His suggestion is particularly exciting because it would seem to properly reflect the very specific natures of these two Mitzvos.  The doorway is a very significant place in the home.  It is the area of interaction between the house and the world outside.  It is no wonder then, that it figures prominently in the laws of Chanukah.  The obligation of Pisrumei Nisa is not limited to an announcement of a single miraculous act but is part of a greater mission of Or LaGoyim.  Chanukah is the most public of religious acts and is a prime example of the effect we can have on the common street and in the greater world.  Of course, the doorway runs two ways.  It is also the point of entry into the house, and this is where the Mezuzah takes the stage.  A home is defined by its boundaries; a house without walls is no house at all.  These boundaries have breaches, places where the walls must allow the passage of people, possessions, and ideas.  The Mezuzah reminds us that not everything from the outside can be brought home.  There is a need to filter, and to be especially selective.

So when we exit, it is the Menorah on our side of strength, and it is the Menorah that guides us through our encounter with the world, its culture, and its beauty.  And when we return, enlightened and exhausted from that encounter, it is the Mezuzah that greets us at the door.  Rav Wosner once explained that the Mezuzah was only intended to cover the breaches in our walls.  That is, no home can be perfect in creating an atmosphere of safety and Kedusah.  There will always be areas of vulnerability.  This is where the Mezuzah promises to help.  However, if the walls themselves do not exist, then even the Mezuzah is not enough.  The doorway may be covered, but the home itself is overrun.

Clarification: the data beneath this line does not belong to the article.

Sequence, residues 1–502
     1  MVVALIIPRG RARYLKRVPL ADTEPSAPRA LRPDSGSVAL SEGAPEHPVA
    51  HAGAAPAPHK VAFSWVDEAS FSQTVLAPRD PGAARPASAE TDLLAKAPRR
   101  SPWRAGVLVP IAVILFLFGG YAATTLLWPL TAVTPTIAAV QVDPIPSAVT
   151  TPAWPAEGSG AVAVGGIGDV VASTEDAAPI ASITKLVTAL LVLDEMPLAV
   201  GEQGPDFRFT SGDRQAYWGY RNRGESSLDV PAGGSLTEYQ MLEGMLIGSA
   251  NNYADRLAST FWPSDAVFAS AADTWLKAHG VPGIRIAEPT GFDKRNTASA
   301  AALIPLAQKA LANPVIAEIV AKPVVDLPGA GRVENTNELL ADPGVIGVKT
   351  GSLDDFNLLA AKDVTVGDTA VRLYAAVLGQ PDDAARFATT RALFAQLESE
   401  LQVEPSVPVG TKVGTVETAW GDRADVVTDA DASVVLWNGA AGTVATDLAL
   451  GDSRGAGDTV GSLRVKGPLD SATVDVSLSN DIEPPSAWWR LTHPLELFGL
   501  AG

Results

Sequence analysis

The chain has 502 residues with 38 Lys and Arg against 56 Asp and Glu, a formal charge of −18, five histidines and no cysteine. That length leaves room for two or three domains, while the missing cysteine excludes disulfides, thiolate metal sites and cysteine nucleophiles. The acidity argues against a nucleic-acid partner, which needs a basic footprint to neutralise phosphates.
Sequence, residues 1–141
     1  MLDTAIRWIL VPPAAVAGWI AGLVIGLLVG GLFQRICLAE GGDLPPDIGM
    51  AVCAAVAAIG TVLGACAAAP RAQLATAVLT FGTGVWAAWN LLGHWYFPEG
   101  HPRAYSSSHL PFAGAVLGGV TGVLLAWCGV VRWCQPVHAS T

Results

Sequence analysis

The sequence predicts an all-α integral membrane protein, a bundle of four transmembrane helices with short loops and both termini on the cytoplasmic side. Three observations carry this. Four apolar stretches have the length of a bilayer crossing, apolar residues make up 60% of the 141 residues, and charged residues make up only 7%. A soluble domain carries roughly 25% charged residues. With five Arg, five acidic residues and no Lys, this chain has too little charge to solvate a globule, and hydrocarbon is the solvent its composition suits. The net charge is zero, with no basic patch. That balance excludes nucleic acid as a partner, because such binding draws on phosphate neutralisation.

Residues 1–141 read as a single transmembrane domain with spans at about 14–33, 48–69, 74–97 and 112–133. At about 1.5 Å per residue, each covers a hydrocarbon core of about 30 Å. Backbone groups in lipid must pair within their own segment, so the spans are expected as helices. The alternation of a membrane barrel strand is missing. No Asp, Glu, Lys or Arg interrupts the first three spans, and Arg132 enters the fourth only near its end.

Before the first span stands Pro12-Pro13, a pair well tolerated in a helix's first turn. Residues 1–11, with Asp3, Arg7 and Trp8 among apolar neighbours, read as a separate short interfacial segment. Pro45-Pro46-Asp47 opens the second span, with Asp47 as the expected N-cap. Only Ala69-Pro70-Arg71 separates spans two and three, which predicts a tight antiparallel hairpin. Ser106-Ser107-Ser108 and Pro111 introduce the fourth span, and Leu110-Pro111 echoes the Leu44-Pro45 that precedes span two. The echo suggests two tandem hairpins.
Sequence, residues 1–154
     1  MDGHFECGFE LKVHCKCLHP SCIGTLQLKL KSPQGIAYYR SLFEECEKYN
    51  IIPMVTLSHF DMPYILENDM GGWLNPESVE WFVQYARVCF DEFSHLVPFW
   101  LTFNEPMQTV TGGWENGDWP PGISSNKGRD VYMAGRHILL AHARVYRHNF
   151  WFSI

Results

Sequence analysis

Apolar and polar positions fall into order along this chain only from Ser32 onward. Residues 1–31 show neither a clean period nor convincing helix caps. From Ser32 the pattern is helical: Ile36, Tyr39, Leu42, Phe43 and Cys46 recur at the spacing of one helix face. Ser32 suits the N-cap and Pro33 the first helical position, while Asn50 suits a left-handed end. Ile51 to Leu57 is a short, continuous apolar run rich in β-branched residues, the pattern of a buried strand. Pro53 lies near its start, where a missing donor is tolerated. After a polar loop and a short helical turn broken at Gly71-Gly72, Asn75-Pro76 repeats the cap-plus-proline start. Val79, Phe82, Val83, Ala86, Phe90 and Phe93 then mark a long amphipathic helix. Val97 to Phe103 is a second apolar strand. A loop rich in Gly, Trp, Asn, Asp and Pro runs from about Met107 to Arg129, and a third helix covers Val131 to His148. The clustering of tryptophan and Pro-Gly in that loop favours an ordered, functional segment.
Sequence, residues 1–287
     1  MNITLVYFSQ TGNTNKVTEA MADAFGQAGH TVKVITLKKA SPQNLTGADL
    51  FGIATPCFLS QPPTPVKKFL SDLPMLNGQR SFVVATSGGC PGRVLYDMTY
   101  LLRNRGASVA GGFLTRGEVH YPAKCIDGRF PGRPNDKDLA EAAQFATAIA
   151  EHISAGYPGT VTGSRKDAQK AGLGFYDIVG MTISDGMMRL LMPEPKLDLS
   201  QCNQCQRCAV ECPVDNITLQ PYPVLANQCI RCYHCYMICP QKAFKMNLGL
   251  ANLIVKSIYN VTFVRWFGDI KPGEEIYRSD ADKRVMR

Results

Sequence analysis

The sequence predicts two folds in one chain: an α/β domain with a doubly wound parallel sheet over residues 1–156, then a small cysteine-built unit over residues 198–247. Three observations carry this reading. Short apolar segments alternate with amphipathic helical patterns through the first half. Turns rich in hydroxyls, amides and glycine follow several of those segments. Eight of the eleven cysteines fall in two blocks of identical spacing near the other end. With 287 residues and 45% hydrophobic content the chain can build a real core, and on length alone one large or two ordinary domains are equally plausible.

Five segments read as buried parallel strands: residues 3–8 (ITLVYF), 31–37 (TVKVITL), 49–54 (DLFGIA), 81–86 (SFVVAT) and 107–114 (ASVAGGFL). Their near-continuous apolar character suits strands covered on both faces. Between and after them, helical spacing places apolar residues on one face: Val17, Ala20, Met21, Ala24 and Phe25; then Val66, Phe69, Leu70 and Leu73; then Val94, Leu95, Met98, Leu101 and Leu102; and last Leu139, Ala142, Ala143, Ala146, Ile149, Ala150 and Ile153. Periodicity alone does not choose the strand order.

The physical safety of our homes and families are guaranteed at an unprecedented level.  Sadly, they are being bombarded by influences that are of grave danger to the soul.  Never before have our homes so closely resembled buildings without walls.  Through the wonders of high-speed internet and cable connections, we are attached to our surroundings to an incredible degree.  There is no longer even the need for an outlet or wire for us to have the entire world at our fingertips.  It is irresponsible to expect the Mezuza alone to serve as our filter.  We must make sure that there are walls, not to shut everything out, but to help preserve the sanctity of our homes.

We must not be naive about the stakes of this battle, nor can we afford to be so blind to the fact that we have already suffered considerable casualties.  What our children are being exposed to in our own basements, family rooms, and at times, in their own bedrooms often runs contrary to the values and identity we hope to pass on to them.

To crush Yavan and Greek culture is only one step harder than to submit to them.  The ultimate challenge lies in integrating the best of their innovations and initiatives and filtering out the good from the dangerous.  As we confront the world, we will carry the Menorah in our hand of strength, and present a Judaism of great vibrancy and relevance.  And we will work preserve our unique identity and with the help of our Mezuzot and man-made walls.

 

Chanukah Flyer- 2018

Do You Want to Talk in Shul?